High Street Swineshead Lincolnshire April 2001
Swineshead derives its name from the River Swin, long since a casualty of Medieval drainage schemes which turned wild and mysterious Lincolnshire fenland into the country’s richest agricultural area. Although the ‘Jack-O’Lantern’ days are gone, when stilt-walking brigands lured travellers to their doom in the dark marshes, Swineshead and its adjacent villages are awash with fenland history.
Amongst the most attractive legends, and there are many, is the loss of King John’s Treasure. In the year 1216, whilst en route to Swineshead Abbey, John lost part of his baggage train in the fens. Reputed to have contained several of his crowns of State the treasure has been at the forefront of the mind of many a fenland farmer as they ploughed around the district. The King himself was unable to mount a recovery expedition as he died soon afterwards , supposedly poisoned by the monks of Swineshead. In more recent times Swineshead was the home of Sir Herbert Ingram, founder of the London Illustrated News, who returned to the village after making his fortune and lived in the Abbey house himself.
Not far from the Abbey ruins , in open fields on a public footpath, there is an old Danish encampment known as the Manwarings (Man-war-rings or Manor-ings) This is a protected site consisting of a grass-topped plateau surrounded by two large and deep moats. It is said to have been a secure resting-place for Hubba the Dane, from whom the nearby village of Hubbert’s Bridge takes its name, although Swineshead residents may well have taken to it themselves when they heard that the marauding Hubba was on his way! Historians connect the site to Turkil the Dane in the reign of Canute and to de Gresley in the twelth century.
As with most English villages the church has been at the centre of procedings for centuries.
St. Mary’s is still today the most prominent and important example of village architecture, set on a rise of ground in the village centre and surrounded by the village Conservation Area and Marketplace
With roots in the early twelth century the building has been modified through the ages according to the wealth of its benefactors and is one of the largest parish churches in the country. The peal of eight bells was cast by Thomas Osborn of Downham Market in 1794 and the fine organ was built by Brindley of Sheffield .
St.Mary’s , Swineshead, from South Street
A King guards an entrance Doorway in a north wall
From the inside whilst renovations were ongoing during the last century (which wasn’t as
long ago as you think ! )
A Church mouse’s view of the organ
From the inside whilst renovations
were ongoing during the last century
(which wasn’t as long ago as you think ! )
For an in-depth study of the history of Swineshead there are three publications by local publisher Richard Kay Publications of 80 Sleaford Road,Boston. All are written or edited by historian Pamela Southworth, herself once a Swineshead resident. See; A History of Swineshead (1996) Swineshead Remembers, (1999) and The Autobiography of Tansley Huffer of Swineshead, (1970 and 1988) which describes the life and times of Mr.Huffer from 1828 to 1901. A wealth of other books about Lincolnshire are available from the same publisher.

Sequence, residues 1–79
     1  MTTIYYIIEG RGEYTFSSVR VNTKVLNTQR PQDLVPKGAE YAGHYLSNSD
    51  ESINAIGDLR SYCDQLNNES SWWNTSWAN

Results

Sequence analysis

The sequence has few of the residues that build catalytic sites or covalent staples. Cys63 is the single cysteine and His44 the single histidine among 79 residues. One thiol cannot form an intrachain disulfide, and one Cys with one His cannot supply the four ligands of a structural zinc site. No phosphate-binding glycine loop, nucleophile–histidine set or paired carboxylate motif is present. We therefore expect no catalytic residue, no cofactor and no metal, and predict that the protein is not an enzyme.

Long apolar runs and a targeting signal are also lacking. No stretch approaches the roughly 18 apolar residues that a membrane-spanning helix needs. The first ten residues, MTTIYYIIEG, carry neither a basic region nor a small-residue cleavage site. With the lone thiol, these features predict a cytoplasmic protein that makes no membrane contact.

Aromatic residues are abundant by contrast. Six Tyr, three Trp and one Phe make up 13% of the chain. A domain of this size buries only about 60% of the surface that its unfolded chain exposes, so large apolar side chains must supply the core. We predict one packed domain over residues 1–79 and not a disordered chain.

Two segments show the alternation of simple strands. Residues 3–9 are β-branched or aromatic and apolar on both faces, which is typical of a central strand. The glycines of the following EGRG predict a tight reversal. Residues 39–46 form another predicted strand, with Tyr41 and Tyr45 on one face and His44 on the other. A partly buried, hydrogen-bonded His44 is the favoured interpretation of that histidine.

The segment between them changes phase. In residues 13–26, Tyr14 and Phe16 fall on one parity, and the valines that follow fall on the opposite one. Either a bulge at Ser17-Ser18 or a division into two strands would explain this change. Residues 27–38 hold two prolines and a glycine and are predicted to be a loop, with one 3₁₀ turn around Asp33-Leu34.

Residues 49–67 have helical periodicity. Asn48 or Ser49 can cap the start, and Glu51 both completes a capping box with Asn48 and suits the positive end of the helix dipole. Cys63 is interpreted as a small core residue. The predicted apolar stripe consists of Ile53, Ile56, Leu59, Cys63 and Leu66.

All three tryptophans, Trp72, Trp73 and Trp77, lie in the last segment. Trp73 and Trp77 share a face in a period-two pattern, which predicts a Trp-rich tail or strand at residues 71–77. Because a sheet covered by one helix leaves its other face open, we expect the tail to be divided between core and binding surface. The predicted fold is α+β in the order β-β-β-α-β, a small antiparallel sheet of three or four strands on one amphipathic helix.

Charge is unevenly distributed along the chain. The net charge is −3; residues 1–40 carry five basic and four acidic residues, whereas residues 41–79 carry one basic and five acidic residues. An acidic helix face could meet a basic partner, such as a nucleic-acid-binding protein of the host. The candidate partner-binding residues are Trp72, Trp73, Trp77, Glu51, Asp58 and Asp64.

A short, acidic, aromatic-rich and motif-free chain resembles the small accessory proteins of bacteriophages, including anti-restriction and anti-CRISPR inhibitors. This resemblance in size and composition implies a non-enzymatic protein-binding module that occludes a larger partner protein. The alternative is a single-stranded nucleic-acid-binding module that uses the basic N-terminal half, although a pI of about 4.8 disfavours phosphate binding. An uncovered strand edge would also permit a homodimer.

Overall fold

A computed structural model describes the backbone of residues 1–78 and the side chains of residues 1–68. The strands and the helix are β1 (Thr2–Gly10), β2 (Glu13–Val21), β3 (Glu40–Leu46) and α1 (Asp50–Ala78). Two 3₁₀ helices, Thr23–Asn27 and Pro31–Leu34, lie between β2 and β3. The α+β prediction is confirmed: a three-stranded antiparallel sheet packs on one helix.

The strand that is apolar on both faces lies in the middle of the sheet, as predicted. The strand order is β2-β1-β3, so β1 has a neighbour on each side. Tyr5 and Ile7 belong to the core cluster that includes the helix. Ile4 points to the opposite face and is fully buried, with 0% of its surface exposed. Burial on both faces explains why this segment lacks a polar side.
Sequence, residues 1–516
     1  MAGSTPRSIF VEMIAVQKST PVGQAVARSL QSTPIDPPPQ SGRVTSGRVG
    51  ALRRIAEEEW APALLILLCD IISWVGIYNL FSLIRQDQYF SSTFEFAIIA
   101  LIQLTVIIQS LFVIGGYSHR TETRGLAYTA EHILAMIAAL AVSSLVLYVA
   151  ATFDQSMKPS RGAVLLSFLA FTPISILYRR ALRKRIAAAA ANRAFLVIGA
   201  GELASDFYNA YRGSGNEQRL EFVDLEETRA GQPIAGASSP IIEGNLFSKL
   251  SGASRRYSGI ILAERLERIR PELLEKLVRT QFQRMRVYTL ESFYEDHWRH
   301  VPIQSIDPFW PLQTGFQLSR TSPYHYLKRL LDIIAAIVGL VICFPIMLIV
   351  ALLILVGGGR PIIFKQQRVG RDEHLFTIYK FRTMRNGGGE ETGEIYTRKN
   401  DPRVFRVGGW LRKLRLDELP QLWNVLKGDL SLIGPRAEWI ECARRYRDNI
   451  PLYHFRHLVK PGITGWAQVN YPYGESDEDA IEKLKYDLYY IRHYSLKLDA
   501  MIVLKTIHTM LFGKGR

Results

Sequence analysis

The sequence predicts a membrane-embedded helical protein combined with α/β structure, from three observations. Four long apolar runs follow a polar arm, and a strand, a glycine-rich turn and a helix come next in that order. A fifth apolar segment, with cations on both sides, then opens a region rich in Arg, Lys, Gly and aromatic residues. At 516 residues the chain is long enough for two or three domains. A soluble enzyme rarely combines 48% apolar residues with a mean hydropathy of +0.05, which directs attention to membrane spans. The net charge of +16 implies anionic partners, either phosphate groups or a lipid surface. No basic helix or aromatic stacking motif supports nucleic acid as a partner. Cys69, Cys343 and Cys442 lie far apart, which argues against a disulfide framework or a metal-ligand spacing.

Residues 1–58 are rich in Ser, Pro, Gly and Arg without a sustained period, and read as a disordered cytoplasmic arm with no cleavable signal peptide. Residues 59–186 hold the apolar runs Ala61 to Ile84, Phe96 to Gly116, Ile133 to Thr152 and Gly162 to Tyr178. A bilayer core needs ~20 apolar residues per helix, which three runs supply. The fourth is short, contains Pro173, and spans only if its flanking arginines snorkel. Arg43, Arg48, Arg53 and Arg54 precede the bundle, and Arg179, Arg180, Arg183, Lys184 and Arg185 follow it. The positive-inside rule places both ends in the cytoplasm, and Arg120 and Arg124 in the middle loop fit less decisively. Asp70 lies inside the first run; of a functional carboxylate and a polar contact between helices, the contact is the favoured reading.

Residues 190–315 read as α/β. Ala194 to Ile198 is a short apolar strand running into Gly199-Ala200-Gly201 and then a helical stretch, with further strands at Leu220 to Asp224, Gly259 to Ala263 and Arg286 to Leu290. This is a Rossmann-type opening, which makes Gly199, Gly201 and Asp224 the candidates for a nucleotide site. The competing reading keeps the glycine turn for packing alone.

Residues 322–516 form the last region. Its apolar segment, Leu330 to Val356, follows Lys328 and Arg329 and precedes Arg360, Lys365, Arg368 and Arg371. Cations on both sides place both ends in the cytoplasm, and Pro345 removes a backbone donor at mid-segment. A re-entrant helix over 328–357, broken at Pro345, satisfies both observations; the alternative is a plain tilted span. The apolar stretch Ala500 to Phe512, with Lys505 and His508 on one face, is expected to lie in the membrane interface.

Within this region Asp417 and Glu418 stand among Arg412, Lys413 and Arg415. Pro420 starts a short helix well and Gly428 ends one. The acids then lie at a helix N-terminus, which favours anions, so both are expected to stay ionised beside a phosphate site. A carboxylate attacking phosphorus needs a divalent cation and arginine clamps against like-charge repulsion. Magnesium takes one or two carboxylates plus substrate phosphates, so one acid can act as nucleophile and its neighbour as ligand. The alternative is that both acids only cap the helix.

Toward Swineshead from the Manwarings, a dual-concentric moated
earthwork English Heritage No. 22744
Founded in 1987 as the Jack O’Lantern Café, Swineshead’s art gallery has always specialised in original paintings by Lincolnshire’s artists. Early popularity forced a move to larger premises next-door, the old Red Lion public House, which was once the meeting-place for the Foresters Society.
Renamed Foresters Court the galleries still follow the original policy and have been largely responsible for the upsurge of interest in Lincolnshire painting of modern times. Foremost amongst the local artists is nationally renowned painter Andrzej Kuhn, once a fisherman, who beached at Frieston Shore over 30 years ago to sail the inner seas.
Fisherman returning home c. Andrzej Kuhn Troubadors Reunion c. Andrzej Kuhn
Rosi Coutts and Colan Campbell are directors of the Swineshead art galleries and resident in the village. Rosi is a muralist by profession and has painted for several corporate groups including commissions at home and overseas for Holmes Place Health Clubs. Colan Campbell is a self-taught painter whose previous occupations include guitarist/songwriter for Extradition, the legendary 70’s Australian folk/jazz band.
‘Suzi’ © Rosi Coutts ‘On Golden Grove’ © Colan Campbell
‘The House on Golden Grove’ © Colan Campbell ‘Still life with Urn’ © Rosi Coutts
With assistance from the Borough Council, the Rural Development Agency and the European Development Agency, Foresters Court Galleries are developing a new site for housing fine art. This will be known as the Courtyard Galleries and will show many of the exciting artists working around Britain today. Keep looking in on us for the Opening announcement. Email firstname.lastname@example.org
These pages give just a glimpse of Swineshead village. Many other contributors such as the village magazine, ‘Swineshead Life’, the Christmas Celebrations Group, the Swineshead 2000 Committee ( Email email@example.com ), Swineshead Institute Football Club, the Youth Club and the Silver Band will all, no doubt, have something to pass on.
The village is situated 6 miles southwest of its nearest town, Boston , which enjoys many coastal features associated with the Wash. Swineshead is accessible by train via Swineshead Bridge Station or daily bus services from Boston and Spalding. Services are infrequent, however, and visitors are advised to travel by car. There is good parking in the village and the Wheatsheaf Hotel affords comfortable lodgings. (Telephone 01205 820349 for booking advice and a list of beers ! )